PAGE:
hort.net Seasonal photo, (c) 2006 Christopher P. Lindsey, All Rights Reserved: do not copy
articles | gallery of plants | blog | tech blog | plant profiles | patents | mailing lists | top stories | links | shorturl service | tom clothier's archive0
 Navigation
Articles
Gallery of Plants
Blog
Tech Blog
Plant Profiles
Patents
Mailing Lists
    FAQ
    Netiquette
    Search ALL lists
    Search help
    Subscription info
Top Stories
Links
sHORTurl service
Tom Clothier's Archive
 Top Stories
Disease could hit Britain's trees hard

Ten of the best snowdrop cultivars

Plant protein database helps identify plant gene functions

Dendroclimatologists record history through trees

Potato beetle could be thwarted through gene manipulation

Hawaii expands coffee farm quarantine

Study explains flower petal loss

Unauthorized use of a plant doesn't invalidate it's patent

RSS story archive

Re: Re:[iris Photo] Ot - Bio

  • Subject: Re: [iris-photos] Re:[iris Photo] Ot - Bio
  • From: "Racheal Nekuda" <lilylvr@kansas.net>
  • Date: Thu, 28 Mar 2002 11:02:00 -0800
  • Content-length: 6154

Hi Chuck,
We do tend to have cool springs. Even when it is warm during the day the nights remain cool into June. Some early blooming daylilies do not open well here because of it. Sometimes it is even cool for several nights in a row into July.
Wendy
----- Original Message -----
From: irischap
Sent: Thursday, March 28, 2002 5:32 AM
Subject: [iris-photos] Re:[iris Photo] Ot - Bio

--- In iris-photos@y..., "Racheal Nekuda" <lilylvr@k...> wrote:
> Bill,
> There is one thing about Thornbird I find interesting. The pics I
see f it in other gardens vary quite a bit in color. Do you think this
could have something to do with the amount of lime in the soil or the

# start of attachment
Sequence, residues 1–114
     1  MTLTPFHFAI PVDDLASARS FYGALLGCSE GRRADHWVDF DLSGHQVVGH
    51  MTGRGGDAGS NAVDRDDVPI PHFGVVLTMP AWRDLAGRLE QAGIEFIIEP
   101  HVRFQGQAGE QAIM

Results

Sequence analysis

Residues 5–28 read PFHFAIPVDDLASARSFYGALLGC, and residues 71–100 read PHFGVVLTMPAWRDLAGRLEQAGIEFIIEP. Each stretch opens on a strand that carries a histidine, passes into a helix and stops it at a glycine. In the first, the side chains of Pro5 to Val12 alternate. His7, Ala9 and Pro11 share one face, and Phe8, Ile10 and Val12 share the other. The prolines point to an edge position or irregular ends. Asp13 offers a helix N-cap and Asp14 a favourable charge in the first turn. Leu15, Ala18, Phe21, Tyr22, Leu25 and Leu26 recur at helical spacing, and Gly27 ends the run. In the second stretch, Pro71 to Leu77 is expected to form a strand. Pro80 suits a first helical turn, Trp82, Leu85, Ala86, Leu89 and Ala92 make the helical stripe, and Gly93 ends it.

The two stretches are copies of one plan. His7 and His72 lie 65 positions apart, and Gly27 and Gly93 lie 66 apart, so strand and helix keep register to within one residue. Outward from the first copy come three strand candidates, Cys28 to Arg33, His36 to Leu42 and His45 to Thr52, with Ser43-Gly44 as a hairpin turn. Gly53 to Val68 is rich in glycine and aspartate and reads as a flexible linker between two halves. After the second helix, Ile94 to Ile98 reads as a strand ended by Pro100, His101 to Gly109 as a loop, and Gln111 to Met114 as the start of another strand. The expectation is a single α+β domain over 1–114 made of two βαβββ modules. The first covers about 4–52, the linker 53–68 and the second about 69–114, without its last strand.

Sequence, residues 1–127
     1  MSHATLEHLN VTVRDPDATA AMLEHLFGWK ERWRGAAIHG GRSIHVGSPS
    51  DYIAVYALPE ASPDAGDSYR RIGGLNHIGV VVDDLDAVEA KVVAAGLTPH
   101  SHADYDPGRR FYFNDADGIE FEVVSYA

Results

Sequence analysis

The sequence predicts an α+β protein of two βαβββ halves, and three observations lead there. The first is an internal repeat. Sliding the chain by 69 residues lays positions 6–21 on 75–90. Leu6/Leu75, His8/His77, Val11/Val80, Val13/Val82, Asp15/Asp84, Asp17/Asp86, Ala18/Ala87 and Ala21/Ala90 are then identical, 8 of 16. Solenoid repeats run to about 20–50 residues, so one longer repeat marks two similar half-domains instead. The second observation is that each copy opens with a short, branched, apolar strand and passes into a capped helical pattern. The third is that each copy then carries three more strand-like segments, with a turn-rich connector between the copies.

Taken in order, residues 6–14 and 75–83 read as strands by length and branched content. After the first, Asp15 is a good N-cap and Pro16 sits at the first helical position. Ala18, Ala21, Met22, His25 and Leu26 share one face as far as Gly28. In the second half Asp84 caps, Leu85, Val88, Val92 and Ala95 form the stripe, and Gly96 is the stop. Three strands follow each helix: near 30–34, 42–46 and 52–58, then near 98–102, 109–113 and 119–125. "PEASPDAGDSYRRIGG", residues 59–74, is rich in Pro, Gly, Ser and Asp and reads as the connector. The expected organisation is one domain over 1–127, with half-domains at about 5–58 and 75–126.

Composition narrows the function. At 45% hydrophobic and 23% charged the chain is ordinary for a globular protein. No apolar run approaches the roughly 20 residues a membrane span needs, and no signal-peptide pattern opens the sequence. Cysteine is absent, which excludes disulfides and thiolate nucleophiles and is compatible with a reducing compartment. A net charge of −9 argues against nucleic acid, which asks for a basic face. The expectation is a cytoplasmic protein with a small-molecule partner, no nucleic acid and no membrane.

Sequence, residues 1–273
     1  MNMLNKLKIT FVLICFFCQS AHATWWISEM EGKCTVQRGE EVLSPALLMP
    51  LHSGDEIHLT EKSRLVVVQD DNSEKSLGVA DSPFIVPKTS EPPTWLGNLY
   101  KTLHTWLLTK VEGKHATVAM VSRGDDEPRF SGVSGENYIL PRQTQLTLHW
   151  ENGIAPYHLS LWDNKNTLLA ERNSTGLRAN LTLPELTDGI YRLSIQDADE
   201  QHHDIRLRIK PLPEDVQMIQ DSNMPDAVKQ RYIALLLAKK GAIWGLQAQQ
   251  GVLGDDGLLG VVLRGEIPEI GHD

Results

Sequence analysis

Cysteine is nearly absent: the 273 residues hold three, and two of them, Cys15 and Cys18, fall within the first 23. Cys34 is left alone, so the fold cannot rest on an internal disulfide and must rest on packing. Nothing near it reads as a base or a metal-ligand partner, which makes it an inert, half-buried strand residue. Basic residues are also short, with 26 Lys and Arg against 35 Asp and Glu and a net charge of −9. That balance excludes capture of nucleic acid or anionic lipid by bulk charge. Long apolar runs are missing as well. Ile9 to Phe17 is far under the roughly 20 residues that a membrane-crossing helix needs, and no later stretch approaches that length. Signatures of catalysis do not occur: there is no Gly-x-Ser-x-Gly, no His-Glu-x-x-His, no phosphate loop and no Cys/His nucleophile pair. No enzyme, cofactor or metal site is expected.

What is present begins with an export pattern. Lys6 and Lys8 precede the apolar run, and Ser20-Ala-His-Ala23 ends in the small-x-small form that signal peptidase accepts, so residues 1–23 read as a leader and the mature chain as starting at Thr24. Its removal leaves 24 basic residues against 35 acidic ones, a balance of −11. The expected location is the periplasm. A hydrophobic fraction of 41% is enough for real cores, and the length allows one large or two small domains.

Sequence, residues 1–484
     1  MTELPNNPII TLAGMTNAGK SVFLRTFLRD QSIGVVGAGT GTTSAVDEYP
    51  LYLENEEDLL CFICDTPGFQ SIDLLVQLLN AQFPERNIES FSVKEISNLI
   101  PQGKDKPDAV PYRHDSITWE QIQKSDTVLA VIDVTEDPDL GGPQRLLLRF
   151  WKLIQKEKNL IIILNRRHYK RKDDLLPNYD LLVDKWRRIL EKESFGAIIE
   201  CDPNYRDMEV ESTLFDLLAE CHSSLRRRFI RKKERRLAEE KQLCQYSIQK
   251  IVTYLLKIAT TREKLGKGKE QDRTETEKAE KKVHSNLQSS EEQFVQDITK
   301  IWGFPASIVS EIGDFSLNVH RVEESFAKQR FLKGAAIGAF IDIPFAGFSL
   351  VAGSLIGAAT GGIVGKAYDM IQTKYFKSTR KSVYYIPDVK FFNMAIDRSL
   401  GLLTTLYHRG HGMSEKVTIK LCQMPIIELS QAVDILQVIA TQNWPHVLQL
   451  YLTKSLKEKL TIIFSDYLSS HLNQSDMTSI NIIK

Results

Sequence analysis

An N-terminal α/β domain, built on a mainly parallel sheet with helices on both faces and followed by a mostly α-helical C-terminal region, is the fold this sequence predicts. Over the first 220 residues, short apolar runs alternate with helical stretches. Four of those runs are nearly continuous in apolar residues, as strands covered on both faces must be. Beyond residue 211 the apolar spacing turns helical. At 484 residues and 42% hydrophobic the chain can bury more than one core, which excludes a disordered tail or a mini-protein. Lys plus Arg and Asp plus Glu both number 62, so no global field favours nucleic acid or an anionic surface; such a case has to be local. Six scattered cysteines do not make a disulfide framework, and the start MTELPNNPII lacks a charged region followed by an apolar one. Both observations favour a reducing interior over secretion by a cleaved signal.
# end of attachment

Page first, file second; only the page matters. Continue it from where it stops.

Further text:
PH? My planting has a lot of pale pale light brown and strong purple
influence. The pictures I see of it in Schreiners has a more mustard
gold influence and a lot less of the purple. Just curious what you
thought. I do not have any idea what type of soil Schreiners have
where they are at.
> Wendy
too, the
>   details provided about your soil conditions.
>
       
It's a good possibility that the variation in colour has to do with
the anthocyanin and temperature. The anthocyanin is a delicate wash in
Thornbird and variations in the amount changes the apperance
dramatically. Anthocyanin can be affected by temperatures and in cold
spring areas it would likely produce more anthocyanin and appear more
purple.

Chuck Chapman, Guelph, Ontario, Canada, Zone 4/5 , where I get more
purple in Thornbird.





Your use of Yahoo! Groups is subject to the Yahoo! Terms of Service.

Yahoo! Groups Sponsor
ADVERTISEMENT

Your use of Yahoo! Groups is subject to the Yahoo! Terms of Service.




 © 1995-2015 Mallorn Computing, Inc.All Rights Reserved.
Our Privacy Statement
Other Mailing lists | Author Index | Date Index | Subject Index | Thread Index